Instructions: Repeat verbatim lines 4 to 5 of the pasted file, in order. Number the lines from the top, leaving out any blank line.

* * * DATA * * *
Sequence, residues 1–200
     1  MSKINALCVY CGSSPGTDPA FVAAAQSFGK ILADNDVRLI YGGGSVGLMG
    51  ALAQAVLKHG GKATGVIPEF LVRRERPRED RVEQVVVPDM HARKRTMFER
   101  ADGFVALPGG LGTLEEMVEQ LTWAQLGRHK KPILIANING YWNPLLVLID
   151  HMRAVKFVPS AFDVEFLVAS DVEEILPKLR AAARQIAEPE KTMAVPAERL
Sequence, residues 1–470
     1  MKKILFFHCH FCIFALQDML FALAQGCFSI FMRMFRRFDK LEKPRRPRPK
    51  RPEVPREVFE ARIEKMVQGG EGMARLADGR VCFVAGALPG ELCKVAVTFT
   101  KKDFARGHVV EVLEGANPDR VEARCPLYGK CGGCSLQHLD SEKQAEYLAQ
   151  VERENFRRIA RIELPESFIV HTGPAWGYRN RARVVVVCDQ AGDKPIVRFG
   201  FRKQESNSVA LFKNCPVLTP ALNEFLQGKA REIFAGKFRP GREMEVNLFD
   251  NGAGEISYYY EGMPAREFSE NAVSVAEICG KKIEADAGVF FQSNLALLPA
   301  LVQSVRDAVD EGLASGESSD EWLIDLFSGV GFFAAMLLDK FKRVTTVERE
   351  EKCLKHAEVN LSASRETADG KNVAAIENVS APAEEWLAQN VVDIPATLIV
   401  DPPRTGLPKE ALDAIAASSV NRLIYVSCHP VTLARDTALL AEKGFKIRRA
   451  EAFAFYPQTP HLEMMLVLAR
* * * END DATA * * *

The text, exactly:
   101  ADGFVALPGG LGTLEEMVEQ LTWAQLGRHK KPILIANING YWNPLLVLID
   151  HMRAVKFVPS AFDVEFLVAS DVEEILPKLR AAARQIAEPE KTMAVPAERL